Any representation of me without jewellery would be completely wrong, so I made a little beaded necklace from an earth-tone bead soup that I have been waiting for inspiration to strike with... it went so well with the colours of this doll, it seemed perfect!!

I also wear glasses at work - this was going to put my wire-work skills to the test!  But I managed to make a pair that look relatively like my work glasses, although mine are black, and these are silver... I didn't have any black wire in my stash, but never mind!
So, this is me, with my Diddy-Becs... I just hope my manager likes her, and she reminds him of me, and all the cheeky, things I've said and done while he has been there.  But mostly, I just want her to make him smile!

Sunday, 2 October 2011

Day 2 at La Vidalerie

Day two at La Vidalerie, it was all about sawing, sawing, and a bit more sawing!
We were set a challenge to design something to make from metal - which would have curves, straight bits, and could be made from a sheet of metal.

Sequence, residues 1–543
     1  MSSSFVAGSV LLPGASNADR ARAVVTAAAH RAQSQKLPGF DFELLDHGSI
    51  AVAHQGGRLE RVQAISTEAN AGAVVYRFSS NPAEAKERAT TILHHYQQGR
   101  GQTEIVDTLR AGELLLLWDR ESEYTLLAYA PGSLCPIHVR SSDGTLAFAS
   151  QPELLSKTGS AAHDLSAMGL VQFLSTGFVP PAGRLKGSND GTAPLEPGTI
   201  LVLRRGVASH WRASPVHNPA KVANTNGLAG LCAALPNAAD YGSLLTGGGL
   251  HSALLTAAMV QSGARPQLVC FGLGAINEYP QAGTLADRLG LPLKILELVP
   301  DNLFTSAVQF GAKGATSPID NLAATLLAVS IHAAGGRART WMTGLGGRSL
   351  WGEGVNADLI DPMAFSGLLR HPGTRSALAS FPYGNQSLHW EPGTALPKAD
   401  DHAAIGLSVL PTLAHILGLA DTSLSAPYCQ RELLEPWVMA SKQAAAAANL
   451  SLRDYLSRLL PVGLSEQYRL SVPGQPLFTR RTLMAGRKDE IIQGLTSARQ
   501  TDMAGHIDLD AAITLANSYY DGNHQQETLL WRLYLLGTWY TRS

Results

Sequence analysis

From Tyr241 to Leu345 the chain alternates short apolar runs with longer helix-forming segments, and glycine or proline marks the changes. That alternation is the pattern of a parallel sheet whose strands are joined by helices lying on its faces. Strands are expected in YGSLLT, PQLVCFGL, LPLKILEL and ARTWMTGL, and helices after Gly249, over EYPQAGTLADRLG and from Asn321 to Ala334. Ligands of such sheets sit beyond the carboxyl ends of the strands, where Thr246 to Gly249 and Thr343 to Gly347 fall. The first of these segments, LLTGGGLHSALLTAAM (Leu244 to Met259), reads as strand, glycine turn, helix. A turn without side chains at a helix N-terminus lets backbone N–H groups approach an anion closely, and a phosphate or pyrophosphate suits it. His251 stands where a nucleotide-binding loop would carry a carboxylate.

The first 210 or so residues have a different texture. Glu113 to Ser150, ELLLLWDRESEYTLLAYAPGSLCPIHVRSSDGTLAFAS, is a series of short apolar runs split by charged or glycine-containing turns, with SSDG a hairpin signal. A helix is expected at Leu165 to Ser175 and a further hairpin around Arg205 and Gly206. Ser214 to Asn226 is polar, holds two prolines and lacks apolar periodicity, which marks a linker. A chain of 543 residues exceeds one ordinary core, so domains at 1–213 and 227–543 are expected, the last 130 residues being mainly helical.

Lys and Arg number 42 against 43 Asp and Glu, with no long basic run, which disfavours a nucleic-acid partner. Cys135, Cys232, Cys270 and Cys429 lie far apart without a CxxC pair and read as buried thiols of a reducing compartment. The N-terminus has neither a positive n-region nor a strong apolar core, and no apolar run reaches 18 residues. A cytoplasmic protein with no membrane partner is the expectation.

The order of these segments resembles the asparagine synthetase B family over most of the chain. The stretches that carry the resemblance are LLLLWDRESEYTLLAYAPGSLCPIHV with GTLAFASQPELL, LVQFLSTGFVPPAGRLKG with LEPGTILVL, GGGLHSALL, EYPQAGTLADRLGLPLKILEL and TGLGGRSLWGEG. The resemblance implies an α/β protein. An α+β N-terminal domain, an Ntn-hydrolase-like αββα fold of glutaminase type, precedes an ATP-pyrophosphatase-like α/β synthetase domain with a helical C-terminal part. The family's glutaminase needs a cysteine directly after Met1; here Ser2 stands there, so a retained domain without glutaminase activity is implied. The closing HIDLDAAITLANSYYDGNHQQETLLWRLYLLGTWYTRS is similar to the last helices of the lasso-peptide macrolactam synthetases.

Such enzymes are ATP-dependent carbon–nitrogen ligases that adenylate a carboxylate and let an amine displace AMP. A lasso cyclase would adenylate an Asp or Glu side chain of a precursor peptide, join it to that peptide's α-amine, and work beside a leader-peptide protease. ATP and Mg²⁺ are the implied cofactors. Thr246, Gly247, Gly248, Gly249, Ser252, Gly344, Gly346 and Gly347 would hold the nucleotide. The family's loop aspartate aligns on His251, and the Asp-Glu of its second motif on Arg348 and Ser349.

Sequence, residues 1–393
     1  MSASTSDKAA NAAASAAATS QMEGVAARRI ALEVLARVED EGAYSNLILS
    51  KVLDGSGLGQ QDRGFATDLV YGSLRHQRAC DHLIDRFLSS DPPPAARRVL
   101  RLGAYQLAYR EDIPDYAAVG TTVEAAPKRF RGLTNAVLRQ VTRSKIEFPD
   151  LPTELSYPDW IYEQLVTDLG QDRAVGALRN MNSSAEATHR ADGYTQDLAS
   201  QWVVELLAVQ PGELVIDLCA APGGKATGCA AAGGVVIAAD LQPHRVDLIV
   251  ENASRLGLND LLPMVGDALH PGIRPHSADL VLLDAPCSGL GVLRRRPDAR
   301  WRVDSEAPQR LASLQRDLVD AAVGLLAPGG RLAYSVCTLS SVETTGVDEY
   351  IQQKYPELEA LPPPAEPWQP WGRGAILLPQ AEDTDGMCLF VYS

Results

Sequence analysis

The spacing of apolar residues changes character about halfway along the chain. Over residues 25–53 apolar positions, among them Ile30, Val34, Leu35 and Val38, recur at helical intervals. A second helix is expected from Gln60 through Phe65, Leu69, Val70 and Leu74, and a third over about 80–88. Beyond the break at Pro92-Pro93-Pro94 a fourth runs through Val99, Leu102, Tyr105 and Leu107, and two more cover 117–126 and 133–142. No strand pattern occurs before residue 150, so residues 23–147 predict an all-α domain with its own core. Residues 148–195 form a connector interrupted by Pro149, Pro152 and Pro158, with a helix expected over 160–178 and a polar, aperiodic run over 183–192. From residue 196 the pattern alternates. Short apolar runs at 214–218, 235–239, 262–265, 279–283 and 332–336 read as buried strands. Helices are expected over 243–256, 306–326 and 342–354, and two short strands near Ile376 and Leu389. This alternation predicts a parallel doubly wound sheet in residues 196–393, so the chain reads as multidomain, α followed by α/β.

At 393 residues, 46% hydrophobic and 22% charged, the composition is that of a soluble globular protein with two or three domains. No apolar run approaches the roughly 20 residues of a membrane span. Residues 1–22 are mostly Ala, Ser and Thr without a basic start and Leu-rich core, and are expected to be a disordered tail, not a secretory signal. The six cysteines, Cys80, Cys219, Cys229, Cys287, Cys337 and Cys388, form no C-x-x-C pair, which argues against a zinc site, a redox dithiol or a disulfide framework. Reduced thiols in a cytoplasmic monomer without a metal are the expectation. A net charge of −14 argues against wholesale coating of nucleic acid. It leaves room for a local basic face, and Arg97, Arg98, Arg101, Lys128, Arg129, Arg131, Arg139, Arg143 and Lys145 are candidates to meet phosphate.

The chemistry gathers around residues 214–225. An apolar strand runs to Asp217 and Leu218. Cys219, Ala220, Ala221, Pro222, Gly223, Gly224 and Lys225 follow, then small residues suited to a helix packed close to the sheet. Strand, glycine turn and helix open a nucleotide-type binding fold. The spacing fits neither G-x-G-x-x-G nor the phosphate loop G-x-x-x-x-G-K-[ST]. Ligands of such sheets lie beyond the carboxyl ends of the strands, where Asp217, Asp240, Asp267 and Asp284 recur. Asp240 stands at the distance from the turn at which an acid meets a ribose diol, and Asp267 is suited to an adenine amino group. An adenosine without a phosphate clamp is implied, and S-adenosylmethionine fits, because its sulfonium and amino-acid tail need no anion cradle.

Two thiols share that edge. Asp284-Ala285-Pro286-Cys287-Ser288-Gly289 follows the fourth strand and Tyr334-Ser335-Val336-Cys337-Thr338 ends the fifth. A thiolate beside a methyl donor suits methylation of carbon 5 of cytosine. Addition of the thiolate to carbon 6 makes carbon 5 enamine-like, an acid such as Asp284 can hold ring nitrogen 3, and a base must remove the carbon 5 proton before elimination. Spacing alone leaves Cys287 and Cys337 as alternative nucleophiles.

Before I continue, there is something you should know about me... I am a hopeless romantic!  Anything mushy, or sentimental, I just love it.  So, with this in mind, I decided to make a jigsaw piece pendant, actually, I decided to make 2, which fitted together... with my initials, my boyfriend's initials and the date we met stamped on them.

As with any type of metalwork project, it's best to practice with copper first (so much cheaper than silver!), so I have actually ended up with two pairs of jigsaw puzzle pieces!
I've had a bit of experience with with sawing before, but only sawing jump rings... I did know the basics like hold it lightly, don't push on the saw blade etc, but I've never sawn sheet metal.  

Karen gave me some tips, such as leave the protective plastic on the metal, don't draw your design on the plastic, it'll just rub off... put an easy-peel sticky label on the metal, and draw the design on the label instead.